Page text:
by Migeru (migeru at eurotrib dot com) on Tue Apr 13th, 2010 at 12:06:23 PM EST
[ Parent ]
I wonder if the net impact of what we're seeing here is that Greek debt--held by German and French banks--is rolling over to Greek banks with every new issue. And the Greek bank is allowed to keep buying because its Greek bonds are cleared as assets through the ECB. In the end, the Greek banks will own a much heftier amount of Greek debt--rather than banks in the eurozone--and that this will be the cutoff point for Greece, the point at which they can conceivably be lead to restructure without other euro countries taking the hit. This would mean the collapse of Greek banks, because it would be absurd to transfer the debt back to the country after this whole fiasco.

But then again, Greece did have a TARP program last year, and from Frank S.'s posts, I'm shocked to discover that Ireland is taking on the equivalent of 60% debt to GDP in toxic paper from its own banks.

Am I reading this wrong? After the Greek banks take on the bulk of Greek debt, they will then transfer that debt back to the nation?

Is this a little like those people who transfer balances from one credit-card to another in endless circles?

I have a relative who does mortgages in NYC and he tells me he has clients who constantly roll-over interest-only mortgages to new ones, and by so doing, managing to cut their living expenses by more than half. You can buy a 800 sq. foot Manhattan apartment for $400k, but that same apartment can cost $2400 to rent. The interest on $400k at current rates is so much lower than rent, even when you add closing costs of $5k for each new loan you take on (interest only is locked in for 5 to 10 years).

Is this what the bankers have cooking for Greece?

by Upstate NY on Tue Apr 13th, 2010 at 12:19:15 PM EST
[ Parent ]
Greek debt--held by German and French banks--is rolling over to Greek banks with every new issue

Where do you see evidence of this? Do you mean the Greek private banks or the Greek Central Bank?

And the Greek bank is allowed to keep buying because its Greek bonds are cleared as assets through the ECB.

The brainless should not be in banking -- Willem Buiter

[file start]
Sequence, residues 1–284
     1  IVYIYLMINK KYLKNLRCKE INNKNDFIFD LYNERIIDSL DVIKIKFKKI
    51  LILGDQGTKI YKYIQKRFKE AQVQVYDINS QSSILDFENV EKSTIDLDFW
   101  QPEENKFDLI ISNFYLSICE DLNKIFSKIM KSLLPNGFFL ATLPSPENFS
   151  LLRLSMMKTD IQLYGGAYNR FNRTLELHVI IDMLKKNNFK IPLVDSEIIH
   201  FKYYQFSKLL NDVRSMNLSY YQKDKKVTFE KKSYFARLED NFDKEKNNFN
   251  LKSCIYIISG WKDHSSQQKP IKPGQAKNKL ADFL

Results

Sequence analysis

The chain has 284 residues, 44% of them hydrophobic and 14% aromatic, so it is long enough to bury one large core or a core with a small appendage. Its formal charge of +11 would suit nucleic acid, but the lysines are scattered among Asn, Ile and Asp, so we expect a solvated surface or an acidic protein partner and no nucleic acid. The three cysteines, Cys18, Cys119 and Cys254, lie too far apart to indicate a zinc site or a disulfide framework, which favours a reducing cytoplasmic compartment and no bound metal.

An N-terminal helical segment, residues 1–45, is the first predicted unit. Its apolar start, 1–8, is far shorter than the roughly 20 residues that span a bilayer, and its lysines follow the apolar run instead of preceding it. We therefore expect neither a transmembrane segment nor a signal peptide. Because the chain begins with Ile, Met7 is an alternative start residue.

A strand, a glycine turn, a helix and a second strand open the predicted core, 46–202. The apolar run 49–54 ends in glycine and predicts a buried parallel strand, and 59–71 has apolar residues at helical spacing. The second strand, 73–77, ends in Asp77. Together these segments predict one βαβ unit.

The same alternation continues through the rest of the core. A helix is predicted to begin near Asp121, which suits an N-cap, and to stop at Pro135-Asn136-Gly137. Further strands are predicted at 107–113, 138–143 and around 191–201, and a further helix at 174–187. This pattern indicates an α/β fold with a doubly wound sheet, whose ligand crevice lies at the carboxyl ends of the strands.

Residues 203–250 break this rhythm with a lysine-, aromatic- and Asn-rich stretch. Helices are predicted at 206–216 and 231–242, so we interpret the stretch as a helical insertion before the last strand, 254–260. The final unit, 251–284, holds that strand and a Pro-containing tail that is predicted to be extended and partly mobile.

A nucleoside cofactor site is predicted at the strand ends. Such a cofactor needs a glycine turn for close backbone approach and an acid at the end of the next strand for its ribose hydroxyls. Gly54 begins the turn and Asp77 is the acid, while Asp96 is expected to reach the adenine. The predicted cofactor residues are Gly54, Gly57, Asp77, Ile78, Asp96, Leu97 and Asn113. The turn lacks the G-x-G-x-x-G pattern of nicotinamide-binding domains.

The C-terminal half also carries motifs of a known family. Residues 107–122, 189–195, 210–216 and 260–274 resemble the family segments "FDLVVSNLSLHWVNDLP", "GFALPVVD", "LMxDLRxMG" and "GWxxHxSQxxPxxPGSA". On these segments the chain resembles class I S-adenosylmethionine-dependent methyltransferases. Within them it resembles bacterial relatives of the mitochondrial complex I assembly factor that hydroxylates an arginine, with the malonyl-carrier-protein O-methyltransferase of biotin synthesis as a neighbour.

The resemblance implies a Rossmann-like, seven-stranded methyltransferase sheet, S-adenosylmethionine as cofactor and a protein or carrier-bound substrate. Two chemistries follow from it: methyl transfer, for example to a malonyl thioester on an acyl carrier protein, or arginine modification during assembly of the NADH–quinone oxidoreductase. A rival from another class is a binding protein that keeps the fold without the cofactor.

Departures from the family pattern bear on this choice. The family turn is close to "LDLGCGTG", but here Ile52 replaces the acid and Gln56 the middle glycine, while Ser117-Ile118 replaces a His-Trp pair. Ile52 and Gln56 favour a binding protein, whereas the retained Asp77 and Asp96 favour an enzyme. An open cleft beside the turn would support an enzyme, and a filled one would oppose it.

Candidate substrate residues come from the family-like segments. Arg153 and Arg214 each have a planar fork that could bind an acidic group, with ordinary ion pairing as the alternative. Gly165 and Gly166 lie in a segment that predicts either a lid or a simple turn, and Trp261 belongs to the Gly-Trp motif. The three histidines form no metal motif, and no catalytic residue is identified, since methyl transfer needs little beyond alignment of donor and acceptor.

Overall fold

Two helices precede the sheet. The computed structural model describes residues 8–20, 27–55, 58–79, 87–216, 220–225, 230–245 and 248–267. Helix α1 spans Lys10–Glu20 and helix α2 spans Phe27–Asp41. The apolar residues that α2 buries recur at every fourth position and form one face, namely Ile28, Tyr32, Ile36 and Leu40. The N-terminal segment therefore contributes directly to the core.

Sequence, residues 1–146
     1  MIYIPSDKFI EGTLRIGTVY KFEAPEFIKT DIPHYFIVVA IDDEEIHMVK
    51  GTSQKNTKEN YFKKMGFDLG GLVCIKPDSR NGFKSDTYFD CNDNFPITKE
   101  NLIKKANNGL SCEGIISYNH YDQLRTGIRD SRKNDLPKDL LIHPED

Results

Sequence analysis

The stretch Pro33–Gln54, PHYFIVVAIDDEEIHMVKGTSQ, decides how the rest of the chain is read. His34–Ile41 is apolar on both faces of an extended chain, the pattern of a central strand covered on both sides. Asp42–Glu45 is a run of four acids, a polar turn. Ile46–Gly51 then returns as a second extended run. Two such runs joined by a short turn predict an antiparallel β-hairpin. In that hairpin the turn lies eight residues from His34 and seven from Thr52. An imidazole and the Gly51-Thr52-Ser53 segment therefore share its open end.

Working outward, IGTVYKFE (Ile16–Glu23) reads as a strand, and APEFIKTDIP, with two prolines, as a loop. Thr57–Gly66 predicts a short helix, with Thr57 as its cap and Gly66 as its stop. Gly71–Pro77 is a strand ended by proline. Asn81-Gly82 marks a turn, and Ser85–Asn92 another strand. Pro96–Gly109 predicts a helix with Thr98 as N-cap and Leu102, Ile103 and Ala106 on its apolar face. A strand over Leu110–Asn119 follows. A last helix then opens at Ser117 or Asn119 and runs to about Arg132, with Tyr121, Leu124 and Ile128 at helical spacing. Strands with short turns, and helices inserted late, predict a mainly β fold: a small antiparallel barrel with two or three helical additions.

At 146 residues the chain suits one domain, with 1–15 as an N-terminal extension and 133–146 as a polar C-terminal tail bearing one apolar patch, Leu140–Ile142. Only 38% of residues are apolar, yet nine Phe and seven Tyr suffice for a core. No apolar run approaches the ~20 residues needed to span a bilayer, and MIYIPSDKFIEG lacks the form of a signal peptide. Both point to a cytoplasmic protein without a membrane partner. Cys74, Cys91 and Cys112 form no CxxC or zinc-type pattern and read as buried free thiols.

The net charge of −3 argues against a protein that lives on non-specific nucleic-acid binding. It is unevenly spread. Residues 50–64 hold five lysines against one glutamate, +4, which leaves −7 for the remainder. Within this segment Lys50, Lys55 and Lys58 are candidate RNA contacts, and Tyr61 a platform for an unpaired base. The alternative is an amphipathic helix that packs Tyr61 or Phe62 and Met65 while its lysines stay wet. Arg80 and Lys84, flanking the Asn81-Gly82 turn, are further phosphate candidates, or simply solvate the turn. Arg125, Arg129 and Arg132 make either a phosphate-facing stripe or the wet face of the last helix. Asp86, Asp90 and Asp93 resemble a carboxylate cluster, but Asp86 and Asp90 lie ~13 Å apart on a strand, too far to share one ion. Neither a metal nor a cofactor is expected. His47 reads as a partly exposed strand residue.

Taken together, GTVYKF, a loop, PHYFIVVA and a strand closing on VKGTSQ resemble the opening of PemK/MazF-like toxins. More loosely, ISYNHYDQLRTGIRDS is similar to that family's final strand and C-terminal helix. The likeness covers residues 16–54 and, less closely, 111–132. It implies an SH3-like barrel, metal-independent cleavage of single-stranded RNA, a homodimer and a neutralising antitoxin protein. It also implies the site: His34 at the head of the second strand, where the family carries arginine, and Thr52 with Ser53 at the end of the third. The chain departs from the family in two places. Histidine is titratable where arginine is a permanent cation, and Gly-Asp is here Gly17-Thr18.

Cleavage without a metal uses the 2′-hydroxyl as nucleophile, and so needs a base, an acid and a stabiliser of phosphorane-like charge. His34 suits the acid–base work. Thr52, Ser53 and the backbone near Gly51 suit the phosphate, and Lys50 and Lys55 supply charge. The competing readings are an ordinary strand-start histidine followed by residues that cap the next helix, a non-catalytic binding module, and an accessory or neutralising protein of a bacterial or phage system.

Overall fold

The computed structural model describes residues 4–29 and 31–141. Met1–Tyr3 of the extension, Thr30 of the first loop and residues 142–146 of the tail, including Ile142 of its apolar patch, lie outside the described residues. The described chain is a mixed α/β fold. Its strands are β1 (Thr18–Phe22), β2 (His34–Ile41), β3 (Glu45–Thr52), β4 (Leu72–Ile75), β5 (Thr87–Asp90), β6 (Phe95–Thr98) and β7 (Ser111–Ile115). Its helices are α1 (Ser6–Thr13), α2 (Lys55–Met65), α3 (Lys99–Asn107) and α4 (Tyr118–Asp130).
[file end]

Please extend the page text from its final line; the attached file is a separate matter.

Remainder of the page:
by Migeru (migeru at eurotrib dot com) on Tue Apr 13th, 2010 at 12:25:18 PM EST
[ Parent ]
Greek private banks. Apparently, they are the ones buying massively. I read so many of these articles daily that this nugget of info gets lost, but usually the one to report this is Reuters. The National Bank of Greece ( private bank) is the biggest buyer.
by Upstate NY on Tue Apr 13th, 2010 at 12:36:55 PM EST
[ Parent ]
I think your scenario

I wonder if the net impact of what we're seeing here is that Greek debt--held by German and French banks--is rolling over to Greek banks with every new issue. And the Greek bank is allowed to keep buying because its Greek bonds are cleared as assets through the ECB. In the end, the Greek banks will own a much heftier amount of Greek debt--rather than banks in the eurozone--and that this will be the cutoff point for Greece, the point at which they can conceivably be lead to restructure without other euro countries taking the hit. This would mean the collapse of Greek banks, because it would be absurd to transfer the debt back to the country after this whole fiasco.

is actually a good thing...

The brainless should not be in banking -- Willem Buiter

by Migeru (migeru at eurotrib dot com) on Tue Apr 13th, 2010 at 12:48:36 PM EST
[ Parent ]
If so, then why didn't Ireland try the same method?
by Upstate NY on Tue Apr 13th, 2010 at 12:59:22 PM EST
[ Parent ]
Their banks failed first, and their public debt was relatively low.

Public sector balance + private sector balance = current account balance

Ireland had a hole in the private sector and a healthy public sector.

Greece had a hole in the public sector and a healthy private sector.

The brainless should not be in banking -- Willem Buiter

by Migeru (migeru at eurotrib dot com) on Tue Apr 13th, 2010 at 01:05:11 PM EST
[ Parent ]
Yes, I should have thought of that!

So, now, consider: most of the holdings of the Greek banks are in Turkey and the Balkans.

In some Balkans countries, these banks are the major source of liquidity.

It just never ends.

Austrian and Greek banks together have like 85% of external exposure in the Balkans.

by Upstate NY on Tue Apr 13th, 2010 at 01:19:01 PM EST
[ Parent ]